To say Norton Buffalo plays harmonica is like saying Michael Jordan plays basketball. He’s a master.
This Grammy-nominated performer and longtime Steve Miller Band member can rip out a solo that sounds like he’s tearing up an electric guitar rather than blowing through the holes of a tiny metal box. Or he can stand back and subtly add to the layers of sound around him. His harmonica can do the work of the high end of a guitar, the tumbling notes of a sax, the wheels of a train, the blues of a loner (which manage to still sound happy) or the pep of a campfire song. All of that range is held in his hands over a few inches of space.
And quite a few well-known musicians have taken note, among them Steve Miller, Bonnie Raitt (check out the harm solo on her hit “Runaway"), Johnny Cash, David Grisman and Bette Midler (that’s him blowing away in The Rose.) When a musician needs a good harmonica player, they call Norton Buffalo.
It takes more than talent to win the trust of fellow musicians. Buffalo knows when to hold back and when to bring himself to the center. It’s the nuances that make up the musical conversation, be it in a rock band of six or a duo with an acoustic guitarist. Bringing out the best in others is part of what Buffalo’s harmonica brings to the stage.
“No matter what the musical style, if somebody asks me to play on their record, I come in and I’m able to play it,” says Norton from his home in Paradise, Calif. “I think it’s my ability to sit down and hear the song and find something great but yet different to play with it.”
Buffalo has been playing harmonica with the Steve Miller Band for more than 30 years. When he’s not doing that, he’s playing with his rhythm and blues band The Knockouts, or country/Americana music with guitarist Roy Rogers, or folksy, world music with Norton & Friends, a group formed with his wife, Lisa Flores, and friend David Aguilar.
“My sound morphs depending on who I’m playing with,” he says. “There’s a tendency over the years to want to put musicians in a box, and I just love playing music. … I do my best to knock down any boundaries that anyone tries to give me.”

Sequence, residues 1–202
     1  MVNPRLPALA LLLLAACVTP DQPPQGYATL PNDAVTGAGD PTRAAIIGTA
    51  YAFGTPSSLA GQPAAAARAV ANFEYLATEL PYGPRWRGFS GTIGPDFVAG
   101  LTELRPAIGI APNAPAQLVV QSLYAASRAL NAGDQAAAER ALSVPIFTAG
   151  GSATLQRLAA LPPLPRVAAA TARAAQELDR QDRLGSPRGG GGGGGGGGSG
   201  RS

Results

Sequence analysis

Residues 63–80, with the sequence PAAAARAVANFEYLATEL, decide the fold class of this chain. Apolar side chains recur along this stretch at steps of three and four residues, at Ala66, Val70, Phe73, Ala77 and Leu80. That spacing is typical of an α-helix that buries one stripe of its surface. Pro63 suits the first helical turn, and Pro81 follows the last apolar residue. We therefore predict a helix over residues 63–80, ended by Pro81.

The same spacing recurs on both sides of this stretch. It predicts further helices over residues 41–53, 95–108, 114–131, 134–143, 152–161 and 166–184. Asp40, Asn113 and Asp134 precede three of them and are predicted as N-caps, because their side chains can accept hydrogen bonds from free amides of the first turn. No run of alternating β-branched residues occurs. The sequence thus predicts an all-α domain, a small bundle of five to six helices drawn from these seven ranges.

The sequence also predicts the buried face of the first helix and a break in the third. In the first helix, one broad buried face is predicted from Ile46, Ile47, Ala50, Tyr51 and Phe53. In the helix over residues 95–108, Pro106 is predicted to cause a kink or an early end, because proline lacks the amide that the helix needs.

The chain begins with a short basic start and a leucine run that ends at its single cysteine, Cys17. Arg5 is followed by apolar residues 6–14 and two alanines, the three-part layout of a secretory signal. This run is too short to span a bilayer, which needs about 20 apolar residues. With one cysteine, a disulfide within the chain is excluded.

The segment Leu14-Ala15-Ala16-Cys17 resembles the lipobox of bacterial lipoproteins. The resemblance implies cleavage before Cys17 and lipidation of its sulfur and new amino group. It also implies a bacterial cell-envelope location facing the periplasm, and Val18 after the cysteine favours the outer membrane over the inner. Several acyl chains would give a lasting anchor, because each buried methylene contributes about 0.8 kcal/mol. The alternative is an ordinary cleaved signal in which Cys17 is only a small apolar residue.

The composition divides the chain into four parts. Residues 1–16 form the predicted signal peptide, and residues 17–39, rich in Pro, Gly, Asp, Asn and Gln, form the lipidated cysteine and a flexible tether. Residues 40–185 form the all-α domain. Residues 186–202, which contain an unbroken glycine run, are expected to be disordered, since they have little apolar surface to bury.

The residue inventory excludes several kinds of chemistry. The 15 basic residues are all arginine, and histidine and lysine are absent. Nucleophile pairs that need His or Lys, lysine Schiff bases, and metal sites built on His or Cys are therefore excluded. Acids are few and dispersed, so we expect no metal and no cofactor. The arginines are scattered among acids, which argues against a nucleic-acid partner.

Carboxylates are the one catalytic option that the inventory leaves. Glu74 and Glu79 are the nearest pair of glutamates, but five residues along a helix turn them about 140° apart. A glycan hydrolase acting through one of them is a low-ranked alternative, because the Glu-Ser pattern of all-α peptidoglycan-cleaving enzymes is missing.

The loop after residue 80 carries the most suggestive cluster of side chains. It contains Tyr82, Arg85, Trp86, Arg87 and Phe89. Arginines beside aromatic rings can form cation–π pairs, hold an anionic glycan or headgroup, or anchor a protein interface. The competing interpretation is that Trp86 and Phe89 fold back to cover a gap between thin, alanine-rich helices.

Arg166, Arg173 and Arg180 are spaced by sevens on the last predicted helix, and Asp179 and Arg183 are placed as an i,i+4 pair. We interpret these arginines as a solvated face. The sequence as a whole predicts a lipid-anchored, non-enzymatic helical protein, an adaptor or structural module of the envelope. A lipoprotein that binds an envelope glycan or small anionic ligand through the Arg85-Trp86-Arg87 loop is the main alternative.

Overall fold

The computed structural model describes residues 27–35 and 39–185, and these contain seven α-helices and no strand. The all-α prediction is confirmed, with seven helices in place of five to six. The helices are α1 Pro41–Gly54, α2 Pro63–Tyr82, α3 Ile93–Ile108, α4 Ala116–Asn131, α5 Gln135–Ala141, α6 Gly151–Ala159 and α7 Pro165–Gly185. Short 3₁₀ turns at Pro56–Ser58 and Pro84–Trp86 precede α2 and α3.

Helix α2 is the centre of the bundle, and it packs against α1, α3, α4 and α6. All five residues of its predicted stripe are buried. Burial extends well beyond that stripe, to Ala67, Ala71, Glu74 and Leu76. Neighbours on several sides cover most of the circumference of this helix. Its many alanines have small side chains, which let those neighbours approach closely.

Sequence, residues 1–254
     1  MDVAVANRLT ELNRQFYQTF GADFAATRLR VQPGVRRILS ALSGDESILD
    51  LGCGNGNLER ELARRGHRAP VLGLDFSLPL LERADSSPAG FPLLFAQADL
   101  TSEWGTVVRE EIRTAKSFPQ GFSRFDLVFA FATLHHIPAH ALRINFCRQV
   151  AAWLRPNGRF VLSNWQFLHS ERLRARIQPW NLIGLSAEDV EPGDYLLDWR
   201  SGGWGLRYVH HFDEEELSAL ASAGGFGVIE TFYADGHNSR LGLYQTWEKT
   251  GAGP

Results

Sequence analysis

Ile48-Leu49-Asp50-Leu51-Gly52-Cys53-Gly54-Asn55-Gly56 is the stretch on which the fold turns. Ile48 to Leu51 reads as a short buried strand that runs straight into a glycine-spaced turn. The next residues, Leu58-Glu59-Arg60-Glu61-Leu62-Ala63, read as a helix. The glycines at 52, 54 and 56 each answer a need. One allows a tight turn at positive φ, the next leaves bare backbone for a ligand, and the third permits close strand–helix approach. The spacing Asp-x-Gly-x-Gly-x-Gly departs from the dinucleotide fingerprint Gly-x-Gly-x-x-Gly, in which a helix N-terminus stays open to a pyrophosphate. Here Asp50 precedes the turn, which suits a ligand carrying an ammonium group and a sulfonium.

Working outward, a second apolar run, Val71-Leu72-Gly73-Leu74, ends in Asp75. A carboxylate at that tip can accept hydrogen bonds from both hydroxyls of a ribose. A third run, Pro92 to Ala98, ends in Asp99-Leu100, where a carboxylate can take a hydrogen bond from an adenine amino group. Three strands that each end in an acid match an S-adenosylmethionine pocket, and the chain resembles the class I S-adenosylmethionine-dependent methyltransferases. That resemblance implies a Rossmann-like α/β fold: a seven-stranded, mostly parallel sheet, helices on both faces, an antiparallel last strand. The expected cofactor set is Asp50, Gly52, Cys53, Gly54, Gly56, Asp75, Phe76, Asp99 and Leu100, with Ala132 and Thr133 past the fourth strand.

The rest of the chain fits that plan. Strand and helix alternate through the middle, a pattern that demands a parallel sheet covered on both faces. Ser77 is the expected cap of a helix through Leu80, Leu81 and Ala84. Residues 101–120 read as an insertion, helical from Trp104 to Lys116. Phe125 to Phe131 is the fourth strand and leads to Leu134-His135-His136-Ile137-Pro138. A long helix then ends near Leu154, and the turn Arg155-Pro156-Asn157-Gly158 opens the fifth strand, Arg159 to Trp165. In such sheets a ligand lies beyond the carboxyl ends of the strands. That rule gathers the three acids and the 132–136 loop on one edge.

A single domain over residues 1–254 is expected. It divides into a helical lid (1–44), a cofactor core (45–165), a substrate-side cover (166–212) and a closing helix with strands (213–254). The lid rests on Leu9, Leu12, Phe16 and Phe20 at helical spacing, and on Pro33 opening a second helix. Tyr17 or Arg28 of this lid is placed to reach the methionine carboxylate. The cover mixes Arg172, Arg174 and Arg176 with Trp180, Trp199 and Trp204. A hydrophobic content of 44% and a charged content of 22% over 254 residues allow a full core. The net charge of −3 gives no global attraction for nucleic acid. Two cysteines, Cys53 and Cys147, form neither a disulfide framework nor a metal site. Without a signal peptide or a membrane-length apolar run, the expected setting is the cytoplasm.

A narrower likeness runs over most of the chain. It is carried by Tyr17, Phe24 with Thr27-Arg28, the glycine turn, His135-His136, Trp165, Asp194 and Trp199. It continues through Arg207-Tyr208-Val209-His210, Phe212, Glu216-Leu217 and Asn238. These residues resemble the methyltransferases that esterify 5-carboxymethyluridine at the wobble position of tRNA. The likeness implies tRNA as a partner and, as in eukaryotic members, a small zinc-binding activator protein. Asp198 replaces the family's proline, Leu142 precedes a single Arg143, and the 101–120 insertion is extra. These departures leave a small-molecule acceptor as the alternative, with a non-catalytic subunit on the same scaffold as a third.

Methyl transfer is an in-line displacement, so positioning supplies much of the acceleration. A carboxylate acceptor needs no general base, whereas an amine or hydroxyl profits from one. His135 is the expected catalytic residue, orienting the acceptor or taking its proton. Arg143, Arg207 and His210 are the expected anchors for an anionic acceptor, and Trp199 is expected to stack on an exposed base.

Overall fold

That attitude doesn’t always work for record labels, who typically look for a specific sound to market. He left a deal with Colombia Records in 1977 rather than be boxed in musically.
“Most people would’ve given their right arm to have a deal like that, but I felt the music wasn’t getting out to those who really wanted to hear it,” he says.
His most recent album, 2002’s Roots of Our Nature, was recorded with Roy Rogers on Blind Pig Records.
“Each album might be one style or another,” he says. “It might take me 20 years to put out all the styles I want to. I’d probably be further in my musical career if I stayed in one style, but it would drive me nuts.”
When Norton hits the Rollin’ on the River Stage with The Knockouts on July 25, expect to hear mostly rhythm and blues with a bit of Latin and reggae thrown in.
He’ll be playing with guitarist Johnny “V” Vernazza, bassist David Brown, drummer Kirk Harwood, and Austin De Lone on keyboard.
“I’m coming up there with a band that loves to rock and crank it up,” says Norton.
If you miss him, or just can’t get enough, he’ll be back in town at the Reno Events Center on Aug. 16 for the Steve Miller Band and Joe Cocker concert.